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UPenn Students’ Robotic Arm Invention Can Make You Stronger

by Suada Kolovic

Have you ever encountered a situation where superhuman strength would have come in handy? Sure, who hasn’t? Well, thanks to four engineering students from the University of Pennsylvania, it seems as though comic book-like brawn may soon become a reality.

The Titan Arm was designed to help ordinary individuals undergoing physical rehabilitation or those who would benefit from a little extra muscle. The upper-body exoskeleton is essentially a battery-powered arm brace attached to a backpack that would provide the wearer with the ability to carry an additional 40 pounds. The students – Nick Parrotta, Elizabeth Beattie, Nick McGill and Niko Vladimirov – have already won at least $75,000 in prize money for their design. "There is certainly a market, but it's slowly emerging because the systems are not perfect as yet," said Paolo Bonato, director of the Motion Analysis Lab at Spaulding Rehabilitation Hospital in Boston. With that in mind, the Titan Arm team hopes to refine their prototype, considering different control strategies, more innovative materials and manufacturing. (For more on this story, click here.)

Do you think the Titan Arm has the potential to change lives for the better? Let us know in the comments section.


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by Suada Kolovic

With college on the horizon for high school seniors, students with political aspirations should understand that it's never too early to start making the right connections. And what better place is there to start than by attending the college that boasts 47 elected officials currently on Capitol Hill? (Curious as to which school I’m referring? None other than Harvard University, of course.)

With twice as many members of Congress counted as alumni, Harvard just might be the college for those with governmental ambitions. Georgetown University scores a distant second with 20 current members of Congress, followed by Yale University with 18. Check out the list below to see what other colleges might better your chances at making your political dream a reality:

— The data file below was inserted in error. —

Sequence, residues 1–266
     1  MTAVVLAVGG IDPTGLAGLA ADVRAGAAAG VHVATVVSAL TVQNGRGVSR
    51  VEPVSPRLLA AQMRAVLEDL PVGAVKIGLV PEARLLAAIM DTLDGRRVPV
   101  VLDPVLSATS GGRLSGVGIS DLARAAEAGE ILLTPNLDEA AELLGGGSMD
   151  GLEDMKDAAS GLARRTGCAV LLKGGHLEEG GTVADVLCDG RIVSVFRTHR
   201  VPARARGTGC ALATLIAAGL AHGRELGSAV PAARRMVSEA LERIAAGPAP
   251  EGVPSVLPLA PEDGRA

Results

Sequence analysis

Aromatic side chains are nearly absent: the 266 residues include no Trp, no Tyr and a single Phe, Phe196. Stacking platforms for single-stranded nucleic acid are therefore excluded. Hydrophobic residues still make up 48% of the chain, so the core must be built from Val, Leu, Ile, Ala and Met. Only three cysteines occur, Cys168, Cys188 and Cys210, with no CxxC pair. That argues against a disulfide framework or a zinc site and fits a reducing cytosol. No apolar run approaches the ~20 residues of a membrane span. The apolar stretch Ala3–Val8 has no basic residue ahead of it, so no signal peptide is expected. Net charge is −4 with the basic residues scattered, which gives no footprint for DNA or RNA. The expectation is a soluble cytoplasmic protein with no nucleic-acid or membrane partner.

For the complete list, head over to FindTheBest.


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10 National Universities Where Most Students Live on Campus

by Suada Kolovic

If you’re a high school senior, you’ll be faced with a major decision in the coming months: choosing the right school. And while there are myriad factors to consider when making your decision, campus housing can be a crucial piece of the puzzle. For the most part, students are required to live in campus housing during their freshman year while upperclassmen tend to live off-campus in apartments. The reason: Most larger universities just don’t offer enough on-campus housing to accommodate their entire undergraduate populations. Yet, that’s not always the case because some prominent institutions with large endowments offer housing for all undergraduates.

According to an analysis of student housing data provided by the U.S. News & World Report, students at many of the country’s top ranked schools opt to remain on campus until they graduate. Of the top 10 national universities with the highest percentage of students living on campus, five are Ivy League institutions. Check out the complete list below (schools are ranked by the percentage of their undergraduate student body living on campus).

  1. Harvard University
  2. Princeton University
  3. California Institute of Technology
  4. Columbia University
  5. Stanford University
  6. Massachusetts Institute of Technology
  7. St. Mary's University of Minnesota